ARTICLE

Diversity by design

Simon Fanshawe OBE, Partner, Diversity by Design

Fresh from speaking at the BSA Annual Conference, Simon delves into his approach to organisational diversity.

The first thing to say after speaking at the BSA Conference is thanks for hearing me out. Having just finished six years on a Housing Association Board (one that needed some rescuing, it must be said) it was great to meet so many who work in and run businesses with the financial rigour that enabling the security of owning a home demands, but also the special purpose that comes from being in business “for people not shareholders”. Putting into action social purpose through financial exactitude and ambition is thoroughly satisfying.

In my speech I argued that the debate about how to achieve greater diversity in building societies should start, not from the arithmetic of identity (‘more women’ etc..), but from the core purpose of your businesses. Talking with members I got the strongest sense of how important that core purpose is, and how significant your societies are in the local areas – that in so many cases give you your names.

Our approach to diversity flows from a desire to enable organisations to develop and deploy the talent of all their staff to their fullest potential. In the session, I identified a number of talent deficits to illustrate just how bad UK business is at removing existing talent blocks. I made you turn to your neighbour and say to him or her “That is as far as you are going in your career. That’s it” And you all found (as do all audiences) that it is very difficult to say that to someone directly. Yet that is precisely what organisations are saying to certain groups in their staff. There are still more men called John, David and Andrew in the top 300 jobs of the FTSE 100 than there are women.

The point is not that there’s something inherently at fault with white men. There isn’t. The point is that, without being cute about it, it’s statistically rather unlikely that the vast majority of the “best” people to run British industry all come from one demographic.

“The process enables people to make that choice, un-diverted by biases or preconceived notions, by concentrating on the evidence.”

So, at Diversity by Design we have created a way of taking organisations and/or teams on a virtuous circle:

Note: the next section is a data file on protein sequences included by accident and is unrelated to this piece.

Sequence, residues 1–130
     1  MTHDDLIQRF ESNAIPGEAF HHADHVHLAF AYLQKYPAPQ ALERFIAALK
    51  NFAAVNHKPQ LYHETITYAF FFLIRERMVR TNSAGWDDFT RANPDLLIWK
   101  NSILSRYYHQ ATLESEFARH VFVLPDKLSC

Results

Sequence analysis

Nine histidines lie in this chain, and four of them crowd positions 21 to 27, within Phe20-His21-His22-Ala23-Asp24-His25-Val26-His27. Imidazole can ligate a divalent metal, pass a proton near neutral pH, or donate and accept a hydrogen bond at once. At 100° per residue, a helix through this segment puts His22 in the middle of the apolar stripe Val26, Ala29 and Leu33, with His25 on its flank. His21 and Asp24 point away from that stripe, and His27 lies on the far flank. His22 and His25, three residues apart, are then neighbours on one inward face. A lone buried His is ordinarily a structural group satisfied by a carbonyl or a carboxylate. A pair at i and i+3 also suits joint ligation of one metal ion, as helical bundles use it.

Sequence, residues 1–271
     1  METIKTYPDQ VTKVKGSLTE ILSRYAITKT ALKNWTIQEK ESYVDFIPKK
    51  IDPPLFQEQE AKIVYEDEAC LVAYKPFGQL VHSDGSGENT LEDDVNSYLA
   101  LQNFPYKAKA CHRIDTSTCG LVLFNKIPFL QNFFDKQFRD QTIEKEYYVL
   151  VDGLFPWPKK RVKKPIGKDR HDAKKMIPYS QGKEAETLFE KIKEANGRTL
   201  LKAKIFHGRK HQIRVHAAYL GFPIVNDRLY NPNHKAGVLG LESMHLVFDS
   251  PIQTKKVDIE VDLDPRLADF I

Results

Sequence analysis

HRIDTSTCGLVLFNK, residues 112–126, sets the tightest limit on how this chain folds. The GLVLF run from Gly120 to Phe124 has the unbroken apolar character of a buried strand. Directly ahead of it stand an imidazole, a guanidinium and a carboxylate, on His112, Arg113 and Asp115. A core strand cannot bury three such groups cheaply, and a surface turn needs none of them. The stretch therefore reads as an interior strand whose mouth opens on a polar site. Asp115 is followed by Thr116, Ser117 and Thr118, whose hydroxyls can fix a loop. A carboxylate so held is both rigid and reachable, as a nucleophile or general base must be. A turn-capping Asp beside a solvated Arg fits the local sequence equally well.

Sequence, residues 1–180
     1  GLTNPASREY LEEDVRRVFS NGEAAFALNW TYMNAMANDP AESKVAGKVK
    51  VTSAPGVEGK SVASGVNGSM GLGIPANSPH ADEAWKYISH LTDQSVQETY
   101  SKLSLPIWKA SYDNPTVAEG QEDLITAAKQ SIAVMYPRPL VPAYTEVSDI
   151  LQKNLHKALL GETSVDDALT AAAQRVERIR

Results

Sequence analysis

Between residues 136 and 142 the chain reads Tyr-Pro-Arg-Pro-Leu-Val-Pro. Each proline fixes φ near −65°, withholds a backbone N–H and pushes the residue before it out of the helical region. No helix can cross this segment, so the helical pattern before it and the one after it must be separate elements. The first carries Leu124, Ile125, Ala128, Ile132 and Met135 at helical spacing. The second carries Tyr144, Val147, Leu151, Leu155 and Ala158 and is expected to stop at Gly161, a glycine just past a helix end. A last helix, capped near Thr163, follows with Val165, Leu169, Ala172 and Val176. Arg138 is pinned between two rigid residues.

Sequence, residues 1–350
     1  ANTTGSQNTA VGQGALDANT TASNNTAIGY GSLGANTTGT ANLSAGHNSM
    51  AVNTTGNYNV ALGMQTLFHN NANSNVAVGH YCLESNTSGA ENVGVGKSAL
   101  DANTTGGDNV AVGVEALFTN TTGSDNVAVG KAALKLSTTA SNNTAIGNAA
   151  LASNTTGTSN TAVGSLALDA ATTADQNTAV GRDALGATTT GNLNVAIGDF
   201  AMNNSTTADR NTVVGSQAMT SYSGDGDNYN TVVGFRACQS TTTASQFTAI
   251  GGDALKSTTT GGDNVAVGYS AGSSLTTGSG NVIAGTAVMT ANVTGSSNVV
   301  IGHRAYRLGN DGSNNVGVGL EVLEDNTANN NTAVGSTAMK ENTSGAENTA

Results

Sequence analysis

• What are you trying to achieve (goals)?
  • Who have you got?
  • How do you describe the difference needed to achieve or better those goals?

Organisations can then recruit the person who actually fulfils the criteria. The process enables people to make that choice, un-diverted by biases or preconceived notions, by concentrating on the evidence. The process was developed from research, mainly by the doyenne of this area of work, Professor Iris Bohnet (a behavioural economist, who is the Roy E. Larsen Professor of Public Policy, at Harvard Kennedy School) and her team, and our experience of trialling it with clients.

It is producing results already. Recently we used the process with a Faculty of Engineering in one of the biggest UK Universities to appoint two Associate Professors. They worked with us to establish exactly what they needed in the two (all male) teams. The applications were 85% male (usual for Engineering), but, by not using CVs and looking at evidence blind, the shortlist was 65% men. Without quotas, or in any way trading off diversity against excellence, we increased opportunities for female applicants by more than double.

Diversity by Design is partnering with the BSA to run seminars over the next few months to equip building societies with the means to maximise talent at all levels, including Boards, to create more diversity to sustain the mutual sector for the twenty first century.

Contact charlotte.bell@bsa.org.uk to find out more about the seminars Simon is running with the BSA.